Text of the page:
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History certainly has an odd way of repeating itself and this is certainly true in the NHL, where a mere seven franchises have lifted the Stanley Cup over the past 12 years in a league that ostensibly values parity above all.
As for the red-hot St. Louis Blues, who haven’t lost in regulation since March 27, there are striking parallels to the 2019 team that won it all for the first time in franchise history, going from worst-to-first during the course of the year.
Is this a mirage or a narrative fallacy? St. Louis leads the NHL with a 1.027 PDO percentage — a calculation of a team’s on-ice shooting and save percentages, which has been viewed as a clear determinant of luck. There’s reason to believe that the Blues’ current run of form is unsustainable, but critics also said the same thing about the 2019 team that caught fire and upended the favoured Boston Bruins in seven games.
Ville Husso now 8-0-2 with a .925 in his past 10 games. Where would the Blues be without him this season? #stlblues
— Michael Amato (@amato_mike) April 20, 2022
We’re going to attempt to solve this problem in this piece. Any discussion of the 2021-22 Blues must start with Ville Husso, who supplanted Jordan Binnington from his starter’s perch with a formidable season that should earn down-ballot Vezina consideration. In what may be ironic fate, Husso catching fire to lead a contending Blues team into the playoffs is pretty much the same formula from three years ago, as Binnington took over the crease and never looked back — many were surprised when he didn’t win the Conn Smythe Trophy, although in retrospect, Ryan O’Reilly’s win isn’t an egregious mistake.
Husso, the 94th-overall selection of the 2014 Draft, has been a revelation for the Blues during his second NHL campaign, posting a .923 save percentage and 2.46 GAA to go along with a stellar 24-6-6 record. More impressive are his slightly deeper stats: in just 38 games, Husso has recorded a 16.40 Goals Saved Above Expected, according to Money Puck — the seventh-best GSAx mark in the NHL while playing significantly fewer games than the six netminders ahead of him. Husso's GSAx per game is good for third among qualified goaltenders, behind only Vezina candidates Igor Shesterkin and Frederik Andersen. There’s ample reason to believe that he would've been even higher up both lists if he were the Blues’ full-time starter from the very beginning of the season, too.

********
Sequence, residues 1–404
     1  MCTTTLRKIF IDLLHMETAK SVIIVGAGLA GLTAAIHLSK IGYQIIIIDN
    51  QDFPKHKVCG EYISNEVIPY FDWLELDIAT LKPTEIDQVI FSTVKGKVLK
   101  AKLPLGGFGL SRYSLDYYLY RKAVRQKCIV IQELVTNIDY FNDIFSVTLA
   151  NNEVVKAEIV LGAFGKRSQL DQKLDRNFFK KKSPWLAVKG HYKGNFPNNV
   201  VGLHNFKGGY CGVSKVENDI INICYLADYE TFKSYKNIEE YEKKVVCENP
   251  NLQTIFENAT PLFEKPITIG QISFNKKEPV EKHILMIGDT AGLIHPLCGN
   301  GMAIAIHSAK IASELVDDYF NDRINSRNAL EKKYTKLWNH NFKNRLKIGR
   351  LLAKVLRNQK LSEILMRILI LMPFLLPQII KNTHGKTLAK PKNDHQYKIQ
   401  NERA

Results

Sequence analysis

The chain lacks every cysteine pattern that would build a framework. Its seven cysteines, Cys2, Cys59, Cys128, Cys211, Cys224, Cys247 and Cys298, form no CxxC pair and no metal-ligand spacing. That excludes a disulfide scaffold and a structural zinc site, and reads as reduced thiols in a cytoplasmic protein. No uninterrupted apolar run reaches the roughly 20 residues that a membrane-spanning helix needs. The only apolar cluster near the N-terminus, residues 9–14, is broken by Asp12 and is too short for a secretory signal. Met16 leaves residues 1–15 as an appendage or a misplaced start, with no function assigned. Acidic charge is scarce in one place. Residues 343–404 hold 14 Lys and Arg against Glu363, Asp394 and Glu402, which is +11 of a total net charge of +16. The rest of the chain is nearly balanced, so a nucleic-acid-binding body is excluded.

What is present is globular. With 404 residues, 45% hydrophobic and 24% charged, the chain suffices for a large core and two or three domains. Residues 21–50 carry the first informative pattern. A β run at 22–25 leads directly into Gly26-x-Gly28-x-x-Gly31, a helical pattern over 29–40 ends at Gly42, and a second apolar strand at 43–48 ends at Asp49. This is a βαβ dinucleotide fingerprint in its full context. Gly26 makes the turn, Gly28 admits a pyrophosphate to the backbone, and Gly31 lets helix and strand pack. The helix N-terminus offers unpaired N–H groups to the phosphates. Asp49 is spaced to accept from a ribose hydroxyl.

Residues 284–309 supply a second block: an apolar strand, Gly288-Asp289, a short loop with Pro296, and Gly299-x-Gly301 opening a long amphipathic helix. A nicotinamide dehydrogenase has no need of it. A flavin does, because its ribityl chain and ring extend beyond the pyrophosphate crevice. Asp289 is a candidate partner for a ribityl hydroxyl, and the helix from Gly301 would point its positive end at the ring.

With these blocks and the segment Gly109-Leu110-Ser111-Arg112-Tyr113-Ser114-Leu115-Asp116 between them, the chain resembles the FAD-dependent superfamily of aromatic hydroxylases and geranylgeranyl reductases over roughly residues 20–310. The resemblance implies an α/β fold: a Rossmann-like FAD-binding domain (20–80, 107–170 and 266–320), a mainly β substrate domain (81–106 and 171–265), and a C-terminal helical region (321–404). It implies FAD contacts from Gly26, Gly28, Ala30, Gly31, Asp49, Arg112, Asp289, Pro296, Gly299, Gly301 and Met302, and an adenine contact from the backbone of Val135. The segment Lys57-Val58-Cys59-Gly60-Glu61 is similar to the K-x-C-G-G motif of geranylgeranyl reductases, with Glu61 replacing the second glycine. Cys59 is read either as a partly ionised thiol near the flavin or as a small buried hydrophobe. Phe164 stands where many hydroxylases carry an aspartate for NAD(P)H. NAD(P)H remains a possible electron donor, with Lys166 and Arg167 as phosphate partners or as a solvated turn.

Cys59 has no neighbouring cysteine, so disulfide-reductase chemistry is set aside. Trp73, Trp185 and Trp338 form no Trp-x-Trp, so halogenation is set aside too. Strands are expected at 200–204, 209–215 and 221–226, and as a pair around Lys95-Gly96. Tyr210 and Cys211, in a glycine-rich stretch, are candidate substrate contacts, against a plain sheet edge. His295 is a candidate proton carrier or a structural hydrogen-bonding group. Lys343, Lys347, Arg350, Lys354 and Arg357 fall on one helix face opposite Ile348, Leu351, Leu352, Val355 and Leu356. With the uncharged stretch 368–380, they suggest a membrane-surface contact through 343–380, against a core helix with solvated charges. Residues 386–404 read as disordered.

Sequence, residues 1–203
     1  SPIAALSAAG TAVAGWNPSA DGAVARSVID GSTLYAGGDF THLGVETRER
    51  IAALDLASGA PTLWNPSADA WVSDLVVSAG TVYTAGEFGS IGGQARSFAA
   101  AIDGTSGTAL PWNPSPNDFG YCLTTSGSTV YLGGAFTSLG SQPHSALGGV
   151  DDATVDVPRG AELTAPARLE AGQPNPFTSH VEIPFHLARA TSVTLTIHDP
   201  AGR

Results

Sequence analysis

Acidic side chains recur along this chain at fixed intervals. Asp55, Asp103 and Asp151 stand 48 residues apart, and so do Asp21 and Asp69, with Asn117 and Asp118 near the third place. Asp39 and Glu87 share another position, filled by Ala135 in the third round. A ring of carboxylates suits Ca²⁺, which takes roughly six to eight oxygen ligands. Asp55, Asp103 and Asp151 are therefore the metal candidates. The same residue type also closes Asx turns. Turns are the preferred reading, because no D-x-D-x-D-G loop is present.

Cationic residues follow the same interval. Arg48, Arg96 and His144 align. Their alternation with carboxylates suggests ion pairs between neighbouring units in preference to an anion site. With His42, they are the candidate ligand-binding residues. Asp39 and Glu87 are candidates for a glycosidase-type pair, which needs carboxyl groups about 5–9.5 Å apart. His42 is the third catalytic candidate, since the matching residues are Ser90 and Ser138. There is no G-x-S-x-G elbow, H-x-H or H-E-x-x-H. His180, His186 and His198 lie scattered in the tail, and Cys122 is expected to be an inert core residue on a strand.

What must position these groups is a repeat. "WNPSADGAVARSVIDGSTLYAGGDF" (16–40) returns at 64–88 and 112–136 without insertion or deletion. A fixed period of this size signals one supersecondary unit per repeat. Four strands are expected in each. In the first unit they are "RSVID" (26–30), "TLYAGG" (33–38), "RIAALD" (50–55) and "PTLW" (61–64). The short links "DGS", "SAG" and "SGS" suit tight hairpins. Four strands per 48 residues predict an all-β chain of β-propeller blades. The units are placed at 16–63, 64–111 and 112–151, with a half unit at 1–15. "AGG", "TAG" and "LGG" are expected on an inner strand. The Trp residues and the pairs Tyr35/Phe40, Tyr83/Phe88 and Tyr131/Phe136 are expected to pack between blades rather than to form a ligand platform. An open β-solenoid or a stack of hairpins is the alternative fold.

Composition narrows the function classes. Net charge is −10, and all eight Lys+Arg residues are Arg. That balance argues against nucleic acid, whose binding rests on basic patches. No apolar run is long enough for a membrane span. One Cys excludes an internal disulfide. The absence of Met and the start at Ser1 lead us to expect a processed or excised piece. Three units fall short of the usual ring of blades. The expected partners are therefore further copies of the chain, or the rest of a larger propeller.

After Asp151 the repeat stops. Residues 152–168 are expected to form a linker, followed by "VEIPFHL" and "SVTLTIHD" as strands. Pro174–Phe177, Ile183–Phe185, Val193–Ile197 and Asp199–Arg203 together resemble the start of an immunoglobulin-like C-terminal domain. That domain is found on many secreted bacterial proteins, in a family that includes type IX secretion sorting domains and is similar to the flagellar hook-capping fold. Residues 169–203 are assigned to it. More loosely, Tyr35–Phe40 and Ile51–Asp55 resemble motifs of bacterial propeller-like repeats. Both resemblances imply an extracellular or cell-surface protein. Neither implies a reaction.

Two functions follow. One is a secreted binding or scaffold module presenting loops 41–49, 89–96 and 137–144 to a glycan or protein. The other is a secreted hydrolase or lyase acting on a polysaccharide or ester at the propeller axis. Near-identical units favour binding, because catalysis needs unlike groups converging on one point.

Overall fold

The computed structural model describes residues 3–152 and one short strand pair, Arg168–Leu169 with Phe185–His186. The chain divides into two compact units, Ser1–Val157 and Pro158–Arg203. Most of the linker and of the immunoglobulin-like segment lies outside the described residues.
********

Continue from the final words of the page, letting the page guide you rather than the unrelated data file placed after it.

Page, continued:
But in the words of Kevin Durant, who the f— wants to talk about graphs when having a hoops discussion? Husso’s highlight reel is as good as any goaltender in the league this year, save for perhaps Rangers star and Vezina favourite Shesterkin.
— x - St. Louis Blues (@StLouisBlues) April 3, 2022
— B/R Open Ice (@BR_OpenIce) January 8, 2022
— x - St. Louis Blues (@StLouisBlues) April 16, 2022
Goaltending is both the most difficult element to evaluate and the component that’s most essential to a deep playoff run, where the Blues harbor genuine ambitions of winning their second Cup in four years. Husso has entrenched himself as the starter, and he’s often the best player on the ice for a Blues squad that has been badly out-possessed at 5-on-5.
Husso’s contract expires at the end of the year, but that’s a problem to deal with this summer. Right now, he’s the man of the hour and has provided plus-value for the Blues who desperately need him.
“He’s been a guy that’s stood on his head for us. Even when we’re not playing well in front of him, he’s found a way to keep us in games,” Blues center Robert Thomas said to The Athletic’s Jeremy Rutherford.
The fact that the Blues can staple Binnington — who can log quality starter minutes on a moment’s notice — to their bench, is a great problem to have, and the strength of their goaltending very well could be the factor that swings the West. But it’s not just elite goaltending masking inferior shot-creation and possession numbers for the 2022 Blues, either.